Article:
In an effort to repair its poor international human rights reputation, Vietnam is welcoming international journalists and officials to scrutinize its prisons for the first time.
The stakes are high: a new Vietnam-E.U. free trade agreement, ratified in Hanoi last month, would eventually remove 99 percent of trade tariffs, among other financial benefits.
But in order to secure the deal, Vietnam must fulfill its obligations under the International Labour Organization’s Abolition of Forced Labour Convention (C105) and cease all forms of forced labor—including in its prisons.
Vietnam has long come under fire for human rights abuses in its prisons, which often house political dissidents; as recently as May 2019, an investigation found at least 128 such prisoners held in “appalling” conditions, with evidence of torture and forced labor.
The Guardian reports:
Nguyen Ngoc Nhu Quynh, one of Vietnam’s most high-profile former inmates, known as “Mother Mushroom”, was given a 10-year sentence in 2017 for posting blogs deemed as anti-state.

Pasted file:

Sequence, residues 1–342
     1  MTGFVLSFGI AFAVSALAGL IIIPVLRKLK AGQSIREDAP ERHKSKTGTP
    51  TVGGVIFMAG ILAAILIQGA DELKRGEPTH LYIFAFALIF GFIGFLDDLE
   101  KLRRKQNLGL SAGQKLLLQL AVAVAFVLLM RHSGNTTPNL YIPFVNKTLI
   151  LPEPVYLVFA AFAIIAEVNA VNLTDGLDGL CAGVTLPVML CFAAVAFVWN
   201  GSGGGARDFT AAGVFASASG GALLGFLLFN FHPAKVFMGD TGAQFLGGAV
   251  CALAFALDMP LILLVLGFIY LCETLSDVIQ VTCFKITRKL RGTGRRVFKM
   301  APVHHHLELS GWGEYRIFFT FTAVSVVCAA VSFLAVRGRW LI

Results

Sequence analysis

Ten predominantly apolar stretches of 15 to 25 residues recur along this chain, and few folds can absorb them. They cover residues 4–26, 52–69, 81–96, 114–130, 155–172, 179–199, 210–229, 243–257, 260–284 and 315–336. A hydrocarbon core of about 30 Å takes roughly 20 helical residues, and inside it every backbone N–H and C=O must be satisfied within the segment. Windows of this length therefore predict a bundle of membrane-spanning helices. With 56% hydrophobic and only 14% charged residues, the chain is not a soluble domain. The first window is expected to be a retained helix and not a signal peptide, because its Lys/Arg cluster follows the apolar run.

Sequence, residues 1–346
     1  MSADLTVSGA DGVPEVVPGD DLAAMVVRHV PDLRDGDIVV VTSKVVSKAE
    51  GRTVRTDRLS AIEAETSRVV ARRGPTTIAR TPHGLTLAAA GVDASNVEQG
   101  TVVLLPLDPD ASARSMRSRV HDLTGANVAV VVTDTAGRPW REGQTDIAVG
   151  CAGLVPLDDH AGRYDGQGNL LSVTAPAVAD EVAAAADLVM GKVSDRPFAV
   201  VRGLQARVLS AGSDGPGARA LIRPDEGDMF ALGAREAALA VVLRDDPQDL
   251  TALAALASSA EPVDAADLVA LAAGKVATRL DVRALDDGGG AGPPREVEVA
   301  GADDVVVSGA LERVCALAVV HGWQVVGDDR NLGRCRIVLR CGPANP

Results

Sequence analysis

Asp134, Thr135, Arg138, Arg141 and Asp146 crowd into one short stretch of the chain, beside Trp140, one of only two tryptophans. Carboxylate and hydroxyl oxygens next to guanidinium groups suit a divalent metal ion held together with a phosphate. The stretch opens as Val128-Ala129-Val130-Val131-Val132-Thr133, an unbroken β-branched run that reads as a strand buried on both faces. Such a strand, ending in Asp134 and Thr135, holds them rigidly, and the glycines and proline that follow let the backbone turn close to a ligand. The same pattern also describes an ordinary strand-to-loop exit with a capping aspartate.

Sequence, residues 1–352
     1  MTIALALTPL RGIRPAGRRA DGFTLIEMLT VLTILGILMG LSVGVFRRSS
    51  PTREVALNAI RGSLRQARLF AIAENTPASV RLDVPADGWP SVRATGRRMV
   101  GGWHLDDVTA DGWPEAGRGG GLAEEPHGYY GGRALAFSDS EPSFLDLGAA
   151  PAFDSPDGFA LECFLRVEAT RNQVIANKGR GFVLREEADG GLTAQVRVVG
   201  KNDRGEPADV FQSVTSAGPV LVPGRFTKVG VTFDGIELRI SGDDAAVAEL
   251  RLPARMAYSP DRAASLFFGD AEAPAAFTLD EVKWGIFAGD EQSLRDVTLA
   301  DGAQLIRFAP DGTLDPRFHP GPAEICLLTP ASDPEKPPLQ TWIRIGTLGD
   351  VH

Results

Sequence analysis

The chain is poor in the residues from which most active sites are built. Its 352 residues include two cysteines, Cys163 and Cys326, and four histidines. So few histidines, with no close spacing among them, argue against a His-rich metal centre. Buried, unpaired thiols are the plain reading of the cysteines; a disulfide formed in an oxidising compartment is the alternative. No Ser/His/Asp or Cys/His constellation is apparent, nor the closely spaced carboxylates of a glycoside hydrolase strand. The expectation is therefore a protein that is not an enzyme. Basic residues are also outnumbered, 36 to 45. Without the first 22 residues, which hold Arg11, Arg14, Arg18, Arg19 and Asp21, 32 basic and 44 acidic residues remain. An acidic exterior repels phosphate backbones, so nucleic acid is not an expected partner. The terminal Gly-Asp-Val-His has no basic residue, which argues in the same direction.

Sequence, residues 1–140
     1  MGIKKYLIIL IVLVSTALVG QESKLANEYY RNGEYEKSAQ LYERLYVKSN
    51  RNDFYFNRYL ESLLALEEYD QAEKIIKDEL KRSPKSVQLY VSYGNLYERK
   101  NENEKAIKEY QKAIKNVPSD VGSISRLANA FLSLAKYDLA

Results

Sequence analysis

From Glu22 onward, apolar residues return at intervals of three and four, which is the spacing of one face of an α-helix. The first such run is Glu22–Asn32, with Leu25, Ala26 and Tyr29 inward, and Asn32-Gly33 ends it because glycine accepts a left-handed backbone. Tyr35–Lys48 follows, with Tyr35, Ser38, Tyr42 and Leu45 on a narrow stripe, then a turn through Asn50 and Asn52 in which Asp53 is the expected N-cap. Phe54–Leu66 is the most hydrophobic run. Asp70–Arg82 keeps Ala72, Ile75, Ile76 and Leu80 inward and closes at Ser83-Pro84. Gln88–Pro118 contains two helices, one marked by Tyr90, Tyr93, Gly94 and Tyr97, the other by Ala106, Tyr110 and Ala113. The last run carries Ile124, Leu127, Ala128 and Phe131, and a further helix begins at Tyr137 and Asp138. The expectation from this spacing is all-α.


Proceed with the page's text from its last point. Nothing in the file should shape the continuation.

“Where I stayed, every prisoner must go to work every day. The police tried to ask me to work … but I refused,” she says, adding that she had not been allowed health checks or tampons in the first eight months, and had been beaten by other prisoners.
“Many prisoners I had a chance to meet … if the orders said that you have to finish 10 clothes per day, it means you have to spend at least nine hours working hard,” she adds. “The prisoners don’t have a chance to rest or have a day off when they are sick.
“The prisoners had to work hard to reduce the years they would spend in prison, but I did not work, because I said I would spend all 10 years.”
The director of Vietnam’s prison system, Lieutenant-general Ho Thanh Dinh, denied all claims of politically motivated mistreatment to a foreign delegation touring Thu Duc, a prison near Ho Chi Minh City.
But it is unclear if his claims are reflected in real changes on the ground.
Minh Nguyen, a representative of the United Nations Office on Drugs and Crime (UNODC) in Hanoi, said that there was evidence of an effort to improve conditions in prisons, but that labor remains a “de facto” obligation
The deputy director of the regional Human Rights Watch office, Phil Robertson, agreed that forced labor remained a problem in Vietnam’s prisons, as well as in its drug detention centers.
Prison labor is a controversial topic internationally, and the unique context has meant that the line between forced and free prison labor has historically been difficult to define.
Learn more about the link between prison labor and modern slavery here.